James Atlas has a terrific essay in this past Sunday’s New York Times on how the higher education game is generating what he calls Super People — applicants with absurdly hyper-competent resumes, who clearly have been groomed since the age of three to Succeed in Life by their obsessive parents:
Graduate and professional school statistics are just as daunting. Dr. Bardes told me that he routinely interviewed students with perfect or near perfect grade point averages and SATs — enough to fill the class several times over. Last year 5,722 applicants competed for 101 places at Weill Cornell; the odds of getting in there are even worse than those of getting your 3-year-old into a New York City private school.
“Applicant pools are stronger and deeper,” concurs Stephen Singer, the former director of college counseling at Horace Mann, the New York City private school renowned for its driven students. “It used to be that if you were editor of the paper or president of your class you could get in almost anywhere,” Mr. Singer says. “Now it’s ‘What did you do as president? How did you make the paper special?’ Kids file stories from Bosnia or El Salvador on their summer vacations.” Such students are known in college admissions circles as “pointy” — being well-rounded doesn’t cut it anymore. You need to have a spike in your achievement chart.
Of course having a “spike in your achievement chart” doesn’t exactly come cheap:
Affluent families can literally buy a better résumé. “In a bad economy, the demographic shift has the potential to reinforce a socio-economic gap,” says Todd Breyfogle, who oversaw the honors program at the University of Denver and is now director of seminars at the Aspen Institute. “Only those families who can help their students be more competitive will have students who can get into elite institutions.”
Schools are now giving out less scholarship money in the tight economy, favoring students who can pay full freight. Meanwhile, Super People jet off on Mom and Dad’s dime to archaeological digs in the Negev desert, when they might once have opted to be counselors in training at Camp Shewahmegon for the summer. And the privilege of laboring as a volunteer in a day care center in Guatemala — “service learning,” as it’s sometimes called — doesn’t come cheap once you tote up the air fare, room and board.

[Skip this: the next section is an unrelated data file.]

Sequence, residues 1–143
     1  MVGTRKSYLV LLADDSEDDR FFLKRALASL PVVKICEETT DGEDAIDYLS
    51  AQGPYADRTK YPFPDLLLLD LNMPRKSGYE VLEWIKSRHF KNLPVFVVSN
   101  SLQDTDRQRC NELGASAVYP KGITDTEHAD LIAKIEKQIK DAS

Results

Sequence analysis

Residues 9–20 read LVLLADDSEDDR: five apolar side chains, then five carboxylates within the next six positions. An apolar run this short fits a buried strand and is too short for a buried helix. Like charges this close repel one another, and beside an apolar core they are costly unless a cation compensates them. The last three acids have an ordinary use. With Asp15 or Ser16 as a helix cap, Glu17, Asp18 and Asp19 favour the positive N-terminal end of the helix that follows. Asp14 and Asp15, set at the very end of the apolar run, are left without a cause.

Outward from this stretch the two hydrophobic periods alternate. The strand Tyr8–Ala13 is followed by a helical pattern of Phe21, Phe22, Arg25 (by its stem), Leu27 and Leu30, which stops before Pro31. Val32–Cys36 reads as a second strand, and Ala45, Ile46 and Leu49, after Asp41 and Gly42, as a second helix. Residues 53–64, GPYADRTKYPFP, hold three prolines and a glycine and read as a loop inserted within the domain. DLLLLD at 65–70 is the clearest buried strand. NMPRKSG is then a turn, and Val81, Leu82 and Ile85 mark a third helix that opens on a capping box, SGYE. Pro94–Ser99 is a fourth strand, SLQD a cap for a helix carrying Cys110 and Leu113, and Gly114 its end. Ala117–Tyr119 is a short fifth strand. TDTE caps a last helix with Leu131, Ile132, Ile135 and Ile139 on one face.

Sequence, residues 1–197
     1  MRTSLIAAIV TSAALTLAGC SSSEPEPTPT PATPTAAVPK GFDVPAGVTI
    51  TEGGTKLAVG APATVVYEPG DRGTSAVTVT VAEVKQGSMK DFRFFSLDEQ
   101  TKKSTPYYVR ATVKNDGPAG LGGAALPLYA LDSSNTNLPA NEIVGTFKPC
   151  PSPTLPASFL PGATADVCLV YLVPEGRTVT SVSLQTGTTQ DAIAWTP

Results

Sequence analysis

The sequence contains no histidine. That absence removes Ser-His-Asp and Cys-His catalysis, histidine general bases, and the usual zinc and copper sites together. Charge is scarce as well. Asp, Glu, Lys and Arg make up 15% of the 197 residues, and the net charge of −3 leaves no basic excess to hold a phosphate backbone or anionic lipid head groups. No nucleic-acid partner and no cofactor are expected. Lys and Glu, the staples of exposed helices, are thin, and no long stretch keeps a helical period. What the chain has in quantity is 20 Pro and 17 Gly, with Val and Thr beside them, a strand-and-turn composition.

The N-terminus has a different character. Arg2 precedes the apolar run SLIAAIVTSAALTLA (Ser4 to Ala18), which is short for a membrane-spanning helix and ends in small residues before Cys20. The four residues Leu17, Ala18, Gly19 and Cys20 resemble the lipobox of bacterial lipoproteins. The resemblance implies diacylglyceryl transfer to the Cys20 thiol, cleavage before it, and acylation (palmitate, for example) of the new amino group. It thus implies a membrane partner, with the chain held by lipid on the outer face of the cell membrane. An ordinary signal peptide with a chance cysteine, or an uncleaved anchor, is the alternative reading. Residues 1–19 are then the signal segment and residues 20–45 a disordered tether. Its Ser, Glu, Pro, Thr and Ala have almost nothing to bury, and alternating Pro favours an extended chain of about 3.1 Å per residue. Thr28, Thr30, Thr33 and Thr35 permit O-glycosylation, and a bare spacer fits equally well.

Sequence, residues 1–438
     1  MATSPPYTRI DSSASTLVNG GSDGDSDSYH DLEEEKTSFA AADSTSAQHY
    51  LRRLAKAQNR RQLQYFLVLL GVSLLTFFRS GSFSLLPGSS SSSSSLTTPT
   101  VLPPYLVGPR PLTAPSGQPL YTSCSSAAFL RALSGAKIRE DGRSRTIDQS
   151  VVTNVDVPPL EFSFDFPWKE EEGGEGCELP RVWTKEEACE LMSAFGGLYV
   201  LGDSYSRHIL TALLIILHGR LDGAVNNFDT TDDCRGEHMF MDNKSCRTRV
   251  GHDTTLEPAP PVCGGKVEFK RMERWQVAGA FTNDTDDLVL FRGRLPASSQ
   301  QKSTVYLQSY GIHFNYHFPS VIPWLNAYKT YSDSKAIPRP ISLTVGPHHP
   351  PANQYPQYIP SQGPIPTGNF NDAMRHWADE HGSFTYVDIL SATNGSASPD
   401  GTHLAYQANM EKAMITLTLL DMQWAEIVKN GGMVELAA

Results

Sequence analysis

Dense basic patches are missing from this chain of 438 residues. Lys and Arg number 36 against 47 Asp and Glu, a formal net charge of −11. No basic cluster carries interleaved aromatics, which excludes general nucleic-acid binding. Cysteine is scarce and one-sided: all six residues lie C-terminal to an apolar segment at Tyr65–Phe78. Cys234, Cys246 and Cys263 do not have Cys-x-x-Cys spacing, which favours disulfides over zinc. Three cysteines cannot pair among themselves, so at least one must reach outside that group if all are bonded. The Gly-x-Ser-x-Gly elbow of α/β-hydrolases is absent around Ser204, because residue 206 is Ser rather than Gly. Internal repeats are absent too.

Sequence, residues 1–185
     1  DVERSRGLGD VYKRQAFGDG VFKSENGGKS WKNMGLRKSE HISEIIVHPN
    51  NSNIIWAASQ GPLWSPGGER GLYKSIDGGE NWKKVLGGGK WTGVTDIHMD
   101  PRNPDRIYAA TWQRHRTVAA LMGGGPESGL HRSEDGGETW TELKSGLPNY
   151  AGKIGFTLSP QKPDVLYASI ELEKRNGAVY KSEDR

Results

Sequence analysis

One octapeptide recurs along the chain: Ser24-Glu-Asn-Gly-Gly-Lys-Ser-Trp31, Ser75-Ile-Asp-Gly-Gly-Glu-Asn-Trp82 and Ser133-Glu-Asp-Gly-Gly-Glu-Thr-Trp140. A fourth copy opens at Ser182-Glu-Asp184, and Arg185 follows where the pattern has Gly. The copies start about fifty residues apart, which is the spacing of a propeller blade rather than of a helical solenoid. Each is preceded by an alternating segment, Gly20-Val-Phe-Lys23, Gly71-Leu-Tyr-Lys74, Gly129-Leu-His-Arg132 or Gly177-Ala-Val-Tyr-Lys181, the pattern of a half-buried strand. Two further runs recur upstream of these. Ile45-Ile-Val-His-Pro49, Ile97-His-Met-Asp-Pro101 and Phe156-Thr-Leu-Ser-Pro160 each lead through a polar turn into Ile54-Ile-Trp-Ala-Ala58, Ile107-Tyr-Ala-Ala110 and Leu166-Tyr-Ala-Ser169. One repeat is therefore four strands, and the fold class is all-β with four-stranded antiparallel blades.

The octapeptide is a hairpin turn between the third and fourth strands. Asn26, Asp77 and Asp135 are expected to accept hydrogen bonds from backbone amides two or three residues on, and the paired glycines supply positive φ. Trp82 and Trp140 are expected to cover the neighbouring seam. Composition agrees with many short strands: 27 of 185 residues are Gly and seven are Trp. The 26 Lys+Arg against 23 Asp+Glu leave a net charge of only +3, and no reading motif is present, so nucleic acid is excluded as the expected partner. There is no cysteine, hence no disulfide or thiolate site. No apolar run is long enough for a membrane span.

Colleges collude in the push to upgrade talent. “It’s a huge industry,” Mr. Breyfogle says. “Harvard has a whole office devoted to preparing applicants for the Rhodes and Marshall scholarships.” At its worst, this kind of coaching results in candidates who are treated as what he calls “management projects.
”“They’ve been put in the hands of makeover experts who have a stake in making them look better than they are, leveraging their achievement,” Mr. Breyfogle says.
“We are concerned about that,” confirmed Jeff Rickey, head of admissions at St. Lawrence University, whom I tracked down at the National Association for College Admission Counseling conference in New Orleans. “If they joined a club, when did they join it? Maybe they play 15 instruments, but when they list them out, the amount of time they spent on each isn’t that much.” Mr. Breyfogle is also on the alert for résumé stuffing. “They’ve worked at an orphanage in Katmandu, but it turns out it was over Christmas break,” he gave as an example. “It’s easier to be amazing now.” All you need is money.